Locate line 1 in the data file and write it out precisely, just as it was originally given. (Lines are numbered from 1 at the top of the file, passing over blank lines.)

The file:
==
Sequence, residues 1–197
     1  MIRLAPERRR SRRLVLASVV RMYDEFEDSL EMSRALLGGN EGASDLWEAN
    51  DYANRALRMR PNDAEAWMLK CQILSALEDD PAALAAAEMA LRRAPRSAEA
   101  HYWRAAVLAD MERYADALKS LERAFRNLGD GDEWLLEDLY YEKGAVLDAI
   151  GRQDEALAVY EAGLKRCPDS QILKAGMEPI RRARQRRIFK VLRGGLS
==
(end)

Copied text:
Sequence, residues 1–197